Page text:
In addition to her academic progress, Privish credits Manor for helping her with all sorts of intangible life skills such as confidence and American behaviors and she has found it easy to meet people and pursue friendships. Due to its small size, the College is a comfortable place for her, one that gives her the freedom to grow academically and the space to pursue her dreams. When asked, Privish lists a litany of names—community members who have helped her transition at Manor.
“The first nice person I met was the receptionist, Miss Anne. She is a very kind lady and speaks very softly.
Stephanie Walker, the Vice President of Admissions, also has been very supportive, plus she is very humble and understanding of students. Dr. Aneesh Khushman, who taught me microbiology, Professor David, the English tutor in the Learning Center, Miss Ashley in Student Engagement, all of financial aid staff, and Manny’s Market staff—they all collectively make my experience great. These are not the only people, many other members in Manor’s society play a vital role in encouraging and supporting me. My first year at Manor and in the United States was very colorful due to this,” says Sadaqat, then going on to talk about her fellow students and how they each have affected her.
She has embraced all that Manor College has to offer, a consistent and enthusiastic presence at all manner of events, whether student or community-focused. Her joy is infectious, a trait that those who know her are quick to point out.
Ashley Hillegas, Student Engagement Coordinator, loves being able to share Privish’s avid participation. Not only is
it rewarding to have a student who is so invested in Manor’s community but it is also fun to observe Privish embrace American customs.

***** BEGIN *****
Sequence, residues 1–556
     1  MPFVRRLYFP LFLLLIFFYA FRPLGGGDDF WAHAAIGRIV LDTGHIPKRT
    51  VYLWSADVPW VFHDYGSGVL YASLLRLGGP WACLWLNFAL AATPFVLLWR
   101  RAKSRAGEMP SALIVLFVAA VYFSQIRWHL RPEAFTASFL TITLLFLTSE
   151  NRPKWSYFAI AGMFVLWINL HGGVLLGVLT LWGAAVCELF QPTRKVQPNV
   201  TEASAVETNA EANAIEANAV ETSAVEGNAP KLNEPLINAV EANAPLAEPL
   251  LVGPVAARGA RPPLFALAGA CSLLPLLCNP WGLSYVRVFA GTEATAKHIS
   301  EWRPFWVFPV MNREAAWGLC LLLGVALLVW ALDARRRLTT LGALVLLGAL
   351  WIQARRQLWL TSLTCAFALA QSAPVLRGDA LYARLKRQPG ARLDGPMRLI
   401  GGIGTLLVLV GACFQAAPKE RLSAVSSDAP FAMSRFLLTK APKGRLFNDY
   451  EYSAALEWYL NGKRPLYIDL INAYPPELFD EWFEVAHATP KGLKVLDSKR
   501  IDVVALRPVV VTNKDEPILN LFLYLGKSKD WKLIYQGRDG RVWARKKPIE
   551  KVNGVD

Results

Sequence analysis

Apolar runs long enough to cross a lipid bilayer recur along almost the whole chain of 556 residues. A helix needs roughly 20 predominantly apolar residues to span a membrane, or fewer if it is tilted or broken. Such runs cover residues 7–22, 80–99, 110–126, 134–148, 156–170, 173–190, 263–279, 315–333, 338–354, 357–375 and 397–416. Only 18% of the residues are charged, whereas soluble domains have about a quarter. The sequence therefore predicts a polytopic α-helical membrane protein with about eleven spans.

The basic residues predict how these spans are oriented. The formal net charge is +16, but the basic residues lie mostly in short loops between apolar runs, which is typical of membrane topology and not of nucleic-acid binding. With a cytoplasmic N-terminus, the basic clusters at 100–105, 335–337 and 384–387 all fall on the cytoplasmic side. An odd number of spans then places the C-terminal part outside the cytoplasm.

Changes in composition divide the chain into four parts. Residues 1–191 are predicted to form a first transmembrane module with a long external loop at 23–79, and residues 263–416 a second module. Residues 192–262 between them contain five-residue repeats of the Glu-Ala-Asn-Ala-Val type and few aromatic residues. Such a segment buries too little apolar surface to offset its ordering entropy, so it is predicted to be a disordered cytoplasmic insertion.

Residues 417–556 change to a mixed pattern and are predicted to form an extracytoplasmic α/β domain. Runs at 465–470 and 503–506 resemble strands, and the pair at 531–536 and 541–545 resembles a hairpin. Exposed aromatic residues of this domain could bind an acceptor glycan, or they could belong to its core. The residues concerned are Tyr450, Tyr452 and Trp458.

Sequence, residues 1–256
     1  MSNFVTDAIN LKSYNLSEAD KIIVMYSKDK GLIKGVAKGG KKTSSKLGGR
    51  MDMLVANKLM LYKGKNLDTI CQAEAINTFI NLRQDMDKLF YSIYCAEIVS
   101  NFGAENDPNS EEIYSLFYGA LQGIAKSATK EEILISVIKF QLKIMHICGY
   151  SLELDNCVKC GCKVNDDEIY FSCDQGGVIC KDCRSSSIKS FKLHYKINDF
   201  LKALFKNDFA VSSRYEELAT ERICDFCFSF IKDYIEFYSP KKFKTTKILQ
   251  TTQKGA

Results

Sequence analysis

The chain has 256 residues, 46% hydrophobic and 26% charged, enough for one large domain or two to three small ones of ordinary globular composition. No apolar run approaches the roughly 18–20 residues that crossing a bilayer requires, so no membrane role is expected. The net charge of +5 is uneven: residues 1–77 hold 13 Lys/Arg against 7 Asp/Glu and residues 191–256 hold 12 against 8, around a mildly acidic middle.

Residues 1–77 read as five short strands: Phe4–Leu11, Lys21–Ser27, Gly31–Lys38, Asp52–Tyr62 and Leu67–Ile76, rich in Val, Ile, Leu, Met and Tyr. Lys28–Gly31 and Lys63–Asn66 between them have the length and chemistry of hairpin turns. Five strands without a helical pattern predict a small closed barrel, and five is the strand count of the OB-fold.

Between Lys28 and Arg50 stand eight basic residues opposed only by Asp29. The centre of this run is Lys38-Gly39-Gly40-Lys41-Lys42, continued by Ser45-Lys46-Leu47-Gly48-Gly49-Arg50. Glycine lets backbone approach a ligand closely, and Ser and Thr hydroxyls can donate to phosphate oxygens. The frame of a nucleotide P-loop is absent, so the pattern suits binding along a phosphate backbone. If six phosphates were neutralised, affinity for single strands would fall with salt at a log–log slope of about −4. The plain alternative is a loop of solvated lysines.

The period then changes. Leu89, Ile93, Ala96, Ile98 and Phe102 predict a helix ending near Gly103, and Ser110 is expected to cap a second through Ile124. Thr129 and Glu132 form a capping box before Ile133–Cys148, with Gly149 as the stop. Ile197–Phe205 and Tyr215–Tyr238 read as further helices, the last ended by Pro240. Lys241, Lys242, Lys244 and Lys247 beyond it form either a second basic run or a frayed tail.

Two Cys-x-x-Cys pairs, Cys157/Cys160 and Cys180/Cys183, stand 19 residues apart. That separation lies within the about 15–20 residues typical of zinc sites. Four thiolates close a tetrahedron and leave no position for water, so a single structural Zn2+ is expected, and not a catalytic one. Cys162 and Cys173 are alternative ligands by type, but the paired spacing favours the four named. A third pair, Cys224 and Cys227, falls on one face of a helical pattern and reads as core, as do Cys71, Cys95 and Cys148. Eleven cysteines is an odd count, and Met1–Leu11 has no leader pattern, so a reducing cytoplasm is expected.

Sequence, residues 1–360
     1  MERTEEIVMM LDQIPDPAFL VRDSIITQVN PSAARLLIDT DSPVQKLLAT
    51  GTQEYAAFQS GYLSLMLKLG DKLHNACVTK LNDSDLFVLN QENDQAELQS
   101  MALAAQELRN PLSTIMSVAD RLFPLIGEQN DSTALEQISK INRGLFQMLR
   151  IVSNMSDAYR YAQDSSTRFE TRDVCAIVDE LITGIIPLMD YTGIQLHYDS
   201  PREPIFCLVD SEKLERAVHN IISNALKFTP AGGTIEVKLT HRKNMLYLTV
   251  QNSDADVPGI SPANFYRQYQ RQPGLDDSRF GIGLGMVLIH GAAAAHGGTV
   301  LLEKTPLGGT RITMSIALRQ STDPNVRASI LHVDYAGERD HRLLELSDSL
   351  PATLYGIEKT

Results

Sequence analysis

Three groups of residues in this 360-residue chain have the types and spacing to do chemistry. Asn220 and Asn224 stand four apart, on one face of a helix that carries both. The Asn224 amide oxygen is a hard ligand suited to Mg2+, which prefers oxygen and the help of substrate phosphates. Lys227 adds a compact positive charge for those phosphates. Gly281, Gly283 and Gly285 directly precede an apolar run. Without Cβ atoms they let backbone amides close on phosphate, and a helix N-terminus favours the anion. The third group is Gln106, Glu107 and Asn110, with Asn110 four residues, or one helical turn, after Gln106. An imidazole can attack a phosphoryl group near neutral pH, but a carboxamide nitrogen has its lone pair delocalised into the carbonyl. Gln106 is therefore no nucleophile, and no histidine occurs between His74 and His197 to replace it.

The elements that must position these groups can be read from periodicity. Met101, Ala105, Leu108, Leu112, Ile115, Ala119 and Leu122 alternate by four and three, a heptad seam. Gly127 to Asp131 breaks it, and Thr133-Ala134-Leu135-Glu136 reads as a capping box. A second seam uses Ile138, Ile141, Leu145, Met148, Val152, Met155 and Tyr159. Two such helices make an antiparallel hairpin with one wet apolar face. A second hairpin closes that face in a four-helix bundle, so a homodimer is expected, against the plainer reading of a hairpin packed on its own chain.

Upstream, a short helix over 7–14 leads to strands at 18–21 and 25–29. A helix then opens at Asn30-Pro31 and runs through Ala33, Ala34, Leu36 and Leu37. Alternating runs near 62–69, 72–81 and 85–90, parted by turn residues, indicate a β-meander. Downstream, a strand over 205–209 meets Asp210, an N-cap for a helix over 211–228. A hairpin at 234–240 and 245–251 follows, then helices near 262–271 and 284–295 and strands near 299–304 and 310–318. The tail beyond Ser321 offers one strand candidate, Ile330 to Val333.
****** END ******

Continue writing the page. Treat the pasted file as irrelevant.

“It has been a pleasure to witness Privish experience many firsts at Manor College, from her first time seeing snow to participating in various holiday events for the first time, like carving a pumpkin for Halloween and building her first gingerbread house at our annual holiday party,” remarks Hillegas.
Sadaqat sums it up more simply: “This is my best choice. I enjoy every day at Manor. It feels like home.”
Dreams & Goals
Privish hopes to complete her biology degree and pursue a career as a medical doctor or a physician’s assistant. Currently she thinks that she would like to specialize within an obstetrician/gynecologist practice, but is keeping her options open.
One thing that she always returns to, no matter the subject of conversation, is her need to help others—her brother, her sisters, her parents, and her community members, of course, but she also talks about larger projects—helping many people with their education. Despite all the demands on her time and resources, she already contributes what she can to aid children, especially girls, to complete their education, contributing to tuition or buying textbooks.
“I can’t do more right now as I am also a student, but I will do more when God provides me more,” Privish says.
In the meantime, Privish dedicates herself to her studies and enjoys being with her once again united family: “I love when
my family is together. I love to just be with them and talk and laugh.”
First published in the Spring 2019 Magazine